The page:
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Maureen used to be obsessed with baseball -- and then she had children. After she welcomed her son, Charlie, and his extra chromosome, she discovered her passion for writing about Down syndrome and disability-related issues.
With two toddlers begging for attention, Maureen recently walked away from a successful career in corporate public relations to dive into full-time parenthood and naptime writing.
You can find her weekly column, “Chasing Charlie,” on allParenting. Maureen’s blog, OperationHaveItAll.com, began as a way to chronicle a yearlong job share and has evolved into a place for honesty, advocacy -- and lots more naptime writing!
If your child has a disability, you will spend hours with strangers who seem intent on pointing out your child's flaws. It's OK. I get it. And hopefully, these tips will help you get through it. (A nice bottle of wine can't hurt, either.)Read Full Story
Many moms of children with Down syndrome can tell you the moment they either started or stopped seeing their child's Down syndrome characteristics. The tiny ears. The slanted eyes. The small, button nose and tongue protrusion. It's completely natural, and those moments can pop up when we least expect them.Read Full Story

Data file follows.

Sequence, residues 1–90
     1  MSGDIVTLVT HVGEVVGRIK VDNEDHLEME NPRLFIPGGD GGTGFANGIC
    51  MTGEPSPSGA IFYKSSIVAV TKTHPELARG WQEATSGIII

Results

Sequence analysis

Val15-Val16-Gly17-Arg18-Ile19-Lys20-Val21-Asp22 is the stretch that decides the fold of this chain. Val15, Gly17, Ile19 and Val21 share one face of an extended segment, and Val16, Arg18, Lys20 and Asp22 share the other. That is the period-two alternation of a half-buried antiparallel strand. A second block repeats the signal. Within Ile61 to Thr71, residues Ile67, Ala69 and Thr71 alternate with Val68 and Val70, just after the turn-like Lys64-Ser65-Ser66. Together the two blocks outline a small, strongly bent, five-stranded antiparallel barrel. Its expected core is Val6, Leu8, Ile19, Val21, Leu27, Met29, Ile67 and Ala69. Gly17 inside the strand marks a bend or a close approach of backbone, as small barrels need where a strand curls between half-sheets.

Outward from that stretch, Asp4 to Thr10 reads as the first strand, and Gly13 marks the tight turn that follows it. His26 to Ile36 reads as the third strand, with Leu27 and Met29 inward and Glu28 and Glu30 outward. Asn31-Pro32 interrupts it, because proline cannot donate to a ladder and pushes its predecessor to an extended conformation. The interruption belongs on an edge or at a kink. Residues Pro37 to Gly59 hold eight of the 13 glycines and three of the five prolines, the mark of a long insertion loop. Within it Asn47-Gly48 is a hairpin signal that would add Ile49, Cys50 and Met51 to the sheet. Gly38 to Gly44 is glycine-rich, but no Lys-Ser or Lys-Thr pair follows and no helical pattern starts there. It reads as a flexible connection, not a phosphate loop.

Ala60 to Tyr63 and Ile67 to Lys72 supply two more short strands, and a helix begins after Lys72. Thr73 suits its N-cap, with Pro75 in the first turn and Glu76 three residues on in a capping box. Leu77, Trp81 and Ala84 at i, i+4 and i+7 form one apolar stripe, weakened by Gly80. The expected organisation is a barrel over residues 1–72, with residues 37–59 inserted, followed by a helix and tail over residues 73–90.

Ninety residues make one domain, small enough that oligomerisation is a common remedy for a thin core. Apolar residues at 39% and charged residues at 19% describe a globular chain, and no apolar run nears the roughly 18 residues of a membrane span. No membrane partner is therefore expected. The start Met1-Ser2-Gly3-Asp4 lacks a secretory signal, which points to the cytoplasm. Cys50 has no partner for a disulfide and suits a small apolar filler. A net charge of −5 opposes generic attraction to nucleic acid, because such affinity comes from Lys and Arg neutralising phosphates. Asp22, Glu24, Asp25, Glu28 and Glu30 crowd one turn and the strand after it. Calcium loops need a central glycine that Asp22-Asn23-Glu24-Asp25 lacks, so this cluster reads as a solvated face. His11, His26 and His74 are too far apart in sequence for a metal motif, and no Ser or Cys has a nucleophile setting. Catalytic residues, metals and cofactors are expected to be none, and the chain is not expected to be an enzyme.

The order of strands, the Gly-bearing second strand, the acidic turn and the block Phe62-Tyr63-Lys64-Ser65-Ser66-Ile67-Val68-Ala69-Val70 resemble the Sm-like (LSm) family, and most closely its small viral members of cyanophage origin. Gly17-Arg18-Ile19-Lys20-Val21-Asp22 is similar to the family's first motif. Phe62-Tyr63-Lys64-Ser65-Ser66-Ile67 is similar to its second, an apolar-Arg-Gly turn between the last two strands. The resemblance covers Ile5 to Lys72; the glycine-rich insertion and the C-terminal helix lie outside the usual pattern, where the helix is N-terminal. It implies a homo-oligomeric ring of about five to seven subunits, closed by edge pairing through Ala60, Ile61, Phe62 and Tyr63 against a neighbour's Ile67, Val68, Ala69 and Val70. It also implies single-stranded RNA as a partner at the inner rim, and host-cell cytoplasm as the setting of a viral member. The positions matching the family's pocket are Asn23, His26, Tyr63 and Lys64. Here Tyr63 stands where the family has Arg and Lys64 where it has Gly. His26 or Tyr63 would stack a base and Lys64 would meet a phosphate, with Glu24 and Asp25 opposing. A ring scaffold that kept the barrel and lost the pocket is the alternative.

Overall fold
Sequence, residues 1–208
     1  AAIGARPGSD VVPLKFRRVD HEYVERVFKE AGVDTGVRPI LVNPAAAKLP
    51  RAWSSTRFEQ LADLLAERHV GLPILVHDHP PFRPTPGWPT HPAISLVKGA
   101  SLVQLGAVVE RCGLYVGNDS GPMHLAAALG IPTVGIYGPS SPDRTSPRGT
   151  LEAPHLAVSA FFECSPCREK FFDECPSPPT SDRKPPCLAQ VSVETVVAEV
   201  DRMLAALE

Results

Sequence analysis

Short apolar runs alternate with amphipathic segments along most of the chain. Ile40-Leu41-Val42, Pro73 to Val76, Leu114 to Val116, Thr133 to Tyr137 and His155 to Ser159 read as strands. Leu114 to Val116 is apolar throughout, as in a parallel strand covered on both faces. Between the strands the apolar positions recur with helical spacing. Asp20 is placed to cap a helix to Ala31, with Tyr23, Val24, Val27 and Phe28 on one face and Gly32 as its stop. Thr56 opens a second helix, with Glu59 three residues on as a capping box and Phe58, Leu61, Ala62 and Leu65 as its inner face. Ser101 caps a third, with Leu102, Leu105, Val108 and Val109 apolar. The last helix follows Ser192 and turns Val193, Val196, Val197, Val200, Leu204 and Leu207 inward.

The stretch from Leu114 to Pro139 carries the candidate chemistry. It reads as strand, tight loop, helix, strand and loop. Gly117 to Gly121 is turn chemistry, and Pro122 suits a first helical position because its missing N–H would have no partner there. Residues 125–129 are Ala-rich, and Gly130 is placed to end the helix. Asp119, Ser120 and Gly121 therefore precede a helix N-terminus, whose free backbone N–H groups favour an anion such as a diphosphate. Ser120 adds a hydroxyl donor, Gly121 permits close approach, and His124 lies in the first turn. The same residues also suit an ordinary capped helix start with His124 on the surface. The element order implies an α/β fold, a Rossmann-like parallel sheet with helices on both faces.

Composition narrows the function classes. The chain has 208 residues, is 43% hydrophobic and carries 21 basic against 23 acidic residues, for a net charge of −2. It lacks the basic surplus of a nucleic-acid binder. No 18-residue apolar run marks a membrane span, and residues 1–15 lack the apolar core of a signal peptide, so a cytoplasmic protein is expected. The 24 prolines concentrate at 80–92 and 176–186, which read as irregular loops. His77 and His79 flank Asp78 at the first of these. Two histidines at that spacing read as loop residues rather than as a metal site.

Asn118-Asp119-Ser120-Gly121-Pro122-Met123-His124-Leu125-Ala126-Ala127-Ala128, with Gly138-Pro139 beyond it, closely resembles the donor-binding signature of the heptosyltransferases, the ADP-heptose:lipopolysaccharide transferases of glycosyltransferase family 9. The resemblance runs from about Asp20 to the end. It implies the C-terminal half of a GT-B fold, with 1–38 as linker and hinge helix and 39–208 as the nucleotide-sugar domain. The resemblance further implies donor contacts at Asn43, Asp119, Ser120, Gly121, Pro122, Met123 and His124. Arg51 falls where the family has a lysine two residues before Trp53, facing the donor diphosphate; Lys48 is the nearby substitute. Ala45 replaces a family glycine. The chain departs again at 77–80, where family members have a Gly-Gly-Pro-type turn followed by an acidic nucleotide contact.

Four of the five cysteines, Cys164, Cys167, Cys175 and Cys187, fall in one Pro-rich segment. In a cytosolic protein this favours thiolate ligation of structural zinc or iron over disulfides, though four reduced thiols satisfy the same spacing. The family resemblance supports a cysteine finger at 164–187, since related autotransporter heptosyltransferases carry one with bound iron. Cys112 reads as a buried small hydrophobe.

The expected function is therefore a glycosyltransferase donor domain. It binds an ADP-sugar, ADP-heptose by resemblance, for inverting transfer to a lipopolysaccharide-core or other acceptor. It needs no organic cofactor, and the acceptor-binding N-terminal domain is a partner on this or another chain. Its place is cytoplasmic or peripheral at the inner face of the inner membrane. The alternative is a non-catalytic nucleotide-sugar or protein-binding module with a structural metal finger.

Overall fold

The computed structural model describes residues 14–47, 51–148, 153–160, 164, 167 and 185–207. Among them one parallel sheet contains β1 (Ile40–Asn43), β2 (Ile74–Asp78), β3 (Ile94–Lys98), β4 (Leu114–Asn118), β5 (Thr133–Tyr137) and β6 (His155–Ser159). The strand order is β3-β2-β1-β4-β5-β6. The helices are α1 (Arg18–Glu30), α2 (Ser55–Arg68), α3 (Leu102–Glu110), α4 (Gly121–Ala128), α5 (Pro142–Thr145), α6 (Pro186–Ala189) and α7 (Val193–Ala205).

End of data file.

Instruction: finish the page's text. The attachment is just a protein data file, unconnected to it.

When the Massachusetts Down Syndrome Congress (MDSC) team established its Parents First Call Program to provide 24/7 support to families receiving a prenatal or at-birth diagnosis of Down syndrome, they knew what they were up against — outdated information available and pro-life pressure.Read Full Story
Down syndrome advocacy organizations claim the medical community doesn't offer balanced information after a prenatal or at-birth Down syndrome diagnosis and encourages abortion. The medical community counters that advocacy groups' information borders on propaganda and excludes all options. Meanwhile, advanced prenatal testing means more women are receiving prenatal diagnoses amid the debate about whose information is best.Read Full Story
I’m not proud to confess this, but sometimes I think honesty is the only way for mothers to really connect. Here’s my truth: I’ve had moments where I am overcome with jealousy over another child’s disability — or "lesser" disability may be a more accurate description.Read Full Story
Holidays can be stressful enough with family members you love to pieces but sometimes want to strangle. If you have a child with special needs, you may not be the only one experiencing anxiety. Grandparents, aunts and uncles and other holiday hosts often mean well but sometimes just aren't sure how to help.Read Full Story
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